Bare root plants can be grown in exactly the same site and situation as the same variety of plant grown in a container. 'Bare root' just describes how the plant is supplied - with no soil around the roots, rather than with compost around the roots in a pot. The preferred growing conditions for a given variety - including position in sun or shade and soil type - are unchanged.
Comparison of bare root and containerised laurel plants
The factors to consider when deciding what to plant where are:
1) Aspect - whether your planting location is in the sun all day, partial or dappled shade, or full shade
2) Soil type - which can be split into:
Careful planning and preparation before you race ahead to plant up new borders or re-plant existing plots in your garden is essential; it will help you avoid the disappointment that inevitably results if plants are thrown into a plot without any forethought.
You'll notice there is an 'At a Glance' section on the product page for every bare root plant we sell. Look out for the sections at the bottom in particular which cover Position (aspect), Soil Moisture, Soil PH and Soil Type preferences for that particular variety.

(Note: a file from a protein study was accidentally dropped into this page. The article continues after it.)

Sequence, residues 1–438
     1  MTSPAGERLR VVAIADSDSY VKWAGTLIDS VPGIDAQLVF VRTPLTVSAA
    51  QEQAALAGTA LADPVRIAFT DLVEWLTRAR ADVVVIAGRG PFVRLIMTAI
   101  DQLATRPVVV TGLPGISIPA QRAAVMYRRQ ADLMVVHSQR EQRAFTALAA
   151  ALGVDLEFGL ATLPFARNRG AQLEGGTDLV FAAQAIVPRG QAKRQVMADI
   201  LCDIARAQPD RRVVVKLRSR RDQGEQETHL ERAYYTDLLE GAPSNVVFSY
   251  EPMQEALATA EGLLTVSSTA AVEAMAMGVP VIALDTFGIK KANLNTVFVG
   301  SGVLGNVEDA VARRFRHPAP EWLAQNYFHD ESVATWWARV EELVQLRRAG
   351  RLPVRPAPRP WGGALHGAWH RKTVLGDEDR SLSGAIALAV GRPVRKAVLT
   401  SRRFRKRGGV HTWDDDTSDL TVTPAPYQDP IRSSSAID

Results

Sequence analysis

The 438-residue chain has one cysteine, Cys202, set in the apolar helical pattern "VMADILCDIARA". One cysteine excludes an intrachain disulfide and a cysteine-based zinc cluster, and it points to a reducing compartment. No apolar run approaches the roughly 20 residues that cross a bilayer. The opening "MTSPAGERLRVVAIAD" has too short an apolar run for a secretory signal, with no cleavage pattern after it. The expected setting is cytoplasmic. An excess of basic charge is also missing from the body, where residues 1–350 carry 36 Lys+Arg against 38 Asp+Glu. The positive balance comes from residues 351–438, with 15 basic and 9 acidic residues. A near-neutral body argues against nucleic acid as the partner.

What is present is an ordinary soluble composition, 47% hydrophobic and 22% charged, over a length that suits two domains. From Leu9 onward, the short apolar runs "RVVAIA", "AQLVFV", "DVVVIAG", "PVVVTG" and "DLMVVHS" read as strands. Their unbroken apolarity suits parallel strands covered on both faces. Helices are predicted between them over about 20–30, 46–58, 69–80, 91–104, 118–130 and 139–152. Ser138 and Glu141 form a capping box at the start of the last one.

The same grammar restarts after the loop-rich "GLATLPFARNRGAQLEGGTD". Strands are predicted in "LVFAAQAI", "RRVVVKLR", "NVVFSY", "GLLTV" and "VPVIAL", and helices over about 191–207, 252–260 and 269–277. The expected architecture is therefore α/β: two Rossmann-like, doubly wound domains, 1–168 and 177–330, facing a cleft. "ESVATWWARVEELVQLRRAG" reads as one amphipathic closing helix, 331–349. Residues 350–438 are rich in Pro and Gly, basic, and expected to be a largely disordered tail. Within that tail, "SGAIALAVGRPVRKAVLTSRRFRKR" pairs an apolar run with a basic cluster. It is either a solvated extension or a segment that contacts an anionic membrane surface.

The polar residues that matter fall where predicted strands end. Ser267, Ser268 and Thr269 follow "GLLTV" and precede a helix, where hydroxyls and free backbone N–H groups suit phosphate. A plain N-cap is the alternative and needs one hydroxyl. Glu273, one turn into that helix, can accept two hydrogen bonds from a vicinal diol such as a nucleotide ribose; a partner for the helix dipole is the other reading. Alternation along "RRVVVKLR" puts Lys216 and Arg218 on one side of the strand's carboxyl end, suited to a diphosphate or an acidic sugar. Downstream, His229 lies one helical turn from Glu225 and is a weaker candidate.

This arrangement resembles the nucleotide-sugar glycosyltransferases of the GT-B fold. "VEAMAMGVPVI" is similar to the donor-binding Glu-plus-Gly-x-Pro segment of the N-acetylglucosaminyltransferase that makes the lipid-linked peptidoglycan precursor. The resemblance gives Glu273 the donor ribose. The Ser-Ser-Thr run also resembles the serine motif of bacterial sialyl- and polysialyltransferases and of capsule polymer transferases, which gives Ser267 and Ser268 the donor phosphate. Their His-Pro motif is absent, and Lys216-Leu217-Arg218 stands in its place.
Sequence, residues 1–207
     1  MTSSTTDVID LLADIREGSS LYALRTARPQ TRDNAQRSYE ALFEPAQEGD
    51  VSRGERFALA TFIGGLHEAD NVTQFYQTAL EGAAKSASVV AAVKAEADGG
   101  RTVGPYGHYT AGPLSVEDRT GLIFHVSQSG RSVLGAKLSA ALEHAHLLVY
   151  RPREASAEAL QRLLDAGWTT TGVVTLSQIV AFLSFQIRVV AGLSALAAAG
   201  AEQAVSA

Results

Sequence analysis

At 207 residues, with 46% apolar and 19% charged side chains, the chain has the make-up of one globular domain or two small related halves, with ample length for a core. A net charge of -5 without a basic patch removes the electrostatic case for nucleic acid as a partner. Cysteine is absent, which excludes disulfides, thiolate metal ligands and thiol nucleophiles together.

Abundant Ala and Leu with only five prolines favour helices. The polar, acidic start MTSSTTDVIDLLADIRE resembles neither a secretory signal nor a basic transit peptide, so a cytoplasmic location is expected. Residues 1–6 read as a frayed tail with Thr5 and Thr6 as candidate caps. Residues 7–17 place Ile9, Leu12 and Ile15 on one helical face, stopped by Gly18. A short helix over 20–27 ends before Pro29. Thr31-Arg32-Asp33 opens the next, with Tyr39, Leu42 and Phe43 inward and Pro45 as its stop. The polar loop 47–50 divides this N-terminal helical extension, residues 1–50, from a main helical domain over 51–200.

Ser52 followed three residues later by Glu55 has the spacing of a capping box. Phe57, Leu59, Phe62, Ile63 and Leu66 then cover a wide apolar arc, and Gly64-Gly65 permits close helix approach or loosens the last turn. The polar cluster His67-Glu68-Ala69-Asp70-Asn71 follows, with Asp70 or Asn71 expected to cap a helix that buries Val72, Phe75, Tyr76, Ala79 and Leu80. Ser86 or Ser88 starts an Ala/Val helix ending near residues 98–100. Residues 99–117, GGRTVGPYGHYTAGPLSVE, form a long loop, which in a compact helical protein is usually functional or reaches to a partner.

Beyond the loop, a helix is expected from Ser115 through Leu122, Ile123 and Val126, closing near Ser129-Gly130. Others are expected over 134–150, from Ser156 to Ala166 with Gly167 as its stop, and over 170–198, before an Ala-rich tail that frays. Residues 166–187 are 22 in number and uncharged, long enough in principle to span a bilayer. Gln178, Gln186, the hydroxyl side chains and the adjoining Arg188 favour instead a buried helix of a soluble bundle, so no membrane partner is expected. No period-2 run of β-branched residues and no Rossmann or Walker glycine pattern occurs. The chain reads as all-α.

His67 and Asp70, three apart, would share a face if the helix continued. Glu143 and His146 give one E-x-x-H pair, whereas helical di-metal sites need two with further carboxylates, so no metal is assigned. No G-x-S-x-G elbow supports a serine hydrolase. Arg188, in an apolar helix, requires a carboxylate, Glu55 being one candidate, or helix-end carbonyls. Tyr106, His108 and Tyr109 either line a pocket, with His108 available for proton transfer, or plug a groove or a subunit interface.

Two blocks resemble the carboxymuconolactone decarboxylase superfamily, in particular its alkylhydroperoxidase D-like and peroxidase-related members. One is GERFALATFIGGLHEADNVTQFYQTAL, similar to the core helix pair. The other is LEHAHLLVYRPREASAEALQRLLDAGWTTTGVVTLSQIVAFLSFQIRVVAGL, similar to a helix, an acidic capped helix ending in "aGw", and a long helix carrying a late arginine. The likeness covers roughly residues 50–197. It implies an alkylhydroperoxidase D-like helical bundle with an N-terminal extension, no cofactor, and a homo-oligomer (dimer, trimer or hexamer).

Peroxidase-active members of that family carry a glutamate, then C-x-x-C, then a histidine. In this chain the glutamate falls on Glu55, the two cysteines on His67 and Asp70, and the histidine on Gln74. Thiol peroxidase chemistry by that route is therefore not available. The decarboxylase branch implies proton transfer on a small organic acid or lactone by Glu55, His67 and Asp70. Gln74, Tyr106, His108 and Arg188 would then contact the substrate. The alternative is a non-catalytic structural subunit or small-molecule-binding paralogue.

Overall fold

Bare root plants for full sun:
Bare root plants for partial sun:
Bare root plants for dense shade:
Soil is easy to take for granted but an understanding of your soil type and its proper preparation are the essential foundation works for a thriving garden. Perfect garden soil, as seen in your favourite gardening programmes and magazines, does not just happen - it usually has to be created through a concerted effort.